USC's defense hasn't been as dominate as it has in the past.
The Trojans enter Saturday night's game against Notre Dame ranked 46th in scoring defense, giving up 23.5 points per game, and 56th in total defense, giving up 371.2 points per game.
But USC did look a lot better on defense in it win Thursday night against California, and that caught Notre Dame coach Brian Kelly's attention.
"I think they've got a specific scheme that they like to employ. It's very similar to what we've seen," Kelly said. "They're very consistent in that respect. They're not going to give you just one look. They played well, they tackled well (Thursday). I think they got up on Cal and forced them to throw the football.
"I think one of the things that's really important to point out is Monte still has his influences in that defense. Ed Orgeron may be calling the game, I don't know for sure. But you can still see there are some Monte Kiffin influences in what they do defensively.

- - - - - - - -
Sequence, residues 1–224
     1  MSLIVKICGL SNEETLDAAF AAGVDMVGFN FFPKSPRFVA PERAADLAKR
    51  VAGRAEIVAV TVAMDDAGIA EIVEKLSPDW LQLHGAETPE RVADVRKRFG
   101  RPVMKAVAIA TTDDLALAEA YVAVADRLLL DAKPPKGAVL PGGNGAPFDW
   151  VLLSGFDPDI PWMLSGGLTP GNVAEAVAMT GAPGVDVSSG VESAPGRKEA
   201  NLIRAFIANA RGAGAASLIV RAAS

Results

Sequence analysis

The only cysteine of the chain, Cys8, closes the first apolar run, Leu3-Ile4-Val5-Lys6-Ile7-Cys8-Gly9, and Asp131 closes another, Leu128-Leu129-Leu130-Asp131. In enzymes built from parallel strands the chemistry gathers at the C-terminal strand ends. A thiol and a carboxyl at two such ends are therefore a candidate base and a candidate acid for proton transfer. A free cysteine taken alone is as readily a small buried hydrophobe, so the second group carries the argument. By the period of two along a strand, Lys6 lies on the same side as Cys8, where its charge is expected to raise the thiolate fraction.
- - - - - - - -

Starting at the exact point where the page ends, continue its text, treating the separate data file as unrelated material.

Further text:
If they get up on you, they're a tough group to rally on. I think that is probably the biggest difference than anything else."
USC quarterback Matt Barkley will have a big hand in trying to get up early on Notre Dame.
Barkley didn't play in last year's loss to the Irish, but he did throw for 380 yards and two touchdowns in a 34-27 win in Notre Dame Stadium in 2009.
Kelly says he see similarities between Barkley, who has completed 152 of 223 passes for 1,782 yards with 16 touchdowns and four interceptions, and the Irish's Tommy Rees, who is 140 for 212 for 1,503 yards with 14 touchdowns and six interceptions.
"I think it's in completion percentage. I think it's in efficiency," Kelly said of the two quarterbacks' similarities. "I think this year the difference is the big play threat down the field, and Barkley going to that and using those opportunities to get big plays. That's obviously something that we want to continue to grow with Michael Floyd. We think we've got a big play guy down the field as well.
"So, yeah, there is no question that both of them have developed. I think it's been in efficiency, completion percentage, and now they're look for the big play."